Oh dear, that was not the point I wanted to make. As mentioned, if they wanted to make this point, it’s the completely wrong example in the article.

Also… I should clearly have sticked to my preference to not talk about political stuff on the internet :rofl:

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Perhaps, but that doesn’t matter at all, those :clown_face:s that will force that crap on public regardless of laws or academic research of who and why - don’t really care about details at all, it’s the endgame that matters.

All successful propaganda and fear mongering is always predicated on biggest and most insane lies.


Terrorism or not, this is of no importance. I’m going out now to get my 16th booster shot before my country gets flooded due to climate change or maybe the evil Russians will nuke us first. BE SCARED!!!

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Besides that (and as my last statement in this thread): I don’t think police investigations are the problem interferring with our privacy rights, as they are always linked to a certain criminal offence and individual persons.

The huge problem I see with that is security/secret services or other governmental entities around the globe scanning huge amounts of data every day (and not just the 5 devices of a criminal suspect) or companies who sell just huge amounts of data to governments or whoever. Dictatorships who use this data to secure their power and so forth… but I guess here we are all on the same page.

The difference between the two does not exist.

When you are a citizen of a totalitarian state, having wrong thoughts is a criminal offence.

There is no such thing. All countries are (self) called as Democracies, meaning that the citizens are in control of the country’s government. :rofl:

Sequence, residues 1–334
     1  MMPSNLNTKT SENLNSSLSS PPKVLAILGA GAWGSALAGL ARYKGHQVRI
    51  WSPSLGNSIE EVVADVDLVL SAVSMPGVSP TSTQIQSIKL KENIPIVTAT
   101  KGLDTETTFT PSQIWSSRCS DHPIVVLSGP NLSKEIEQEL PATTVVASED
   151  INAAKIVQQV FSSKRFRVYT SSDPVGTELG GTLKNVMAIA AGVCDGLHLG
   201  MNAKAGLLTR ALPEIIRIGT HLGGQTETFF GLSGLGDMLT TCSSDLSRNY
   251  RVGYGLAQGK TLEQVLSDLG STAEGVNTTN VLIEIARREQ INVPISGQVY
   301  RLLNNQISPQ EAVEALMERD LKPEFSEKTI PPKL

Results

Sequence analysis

Or not? :thinking:

Hehe, right. :wink:

When it’s mentioned more than 100 times in a report, we’re exactly in the “Think of the children !” agenda.
Quote from the official english version of the article.

A short intelligence note, of which many elements will turn out to be false and in which the DGSI requests the opening of a preliminary investigation reads as follows: “All members contacted adopted a clandestine behavior, with an increased security of the means of communication (encrypted applications, Tails operating system, TOR protocol enabling anonymous browsing on the Internet and public wifi).”

This sentence will appear more than a hundred times in the file. Written by the DGSI, it will be repeated uncritically by all the magistrates involved: first and foremost the Investigating Judge, but also the magistrates of the Investigating Chamber and the judges of freedoms and detention.

During the investigation phase, the amalgam between encryption and clandestinity will be used by the DGSI to justify the implementation of the most intrusive means of surveillance, in particular bugging private places. The DGSI will consider them necessary to monitor “individuals who are leery of phones” and “use encrypted applications to communicate”.

After their arrests, the defendants will be systematically questioned, both by the DGSI and the investigating judge, about their use of encryption tools and will be asked to justify them: “Do you use encrypted messaging (WhatsApp, Signal, Telegram, ProtonMail)? “, “For your personal data, do you use an encryption system? “, “Why do you use this kind of encryption and anonymization applications on the Internet? “. In total, there are more than 150 questions related to the issue of encryption and digital practices in the investigation file.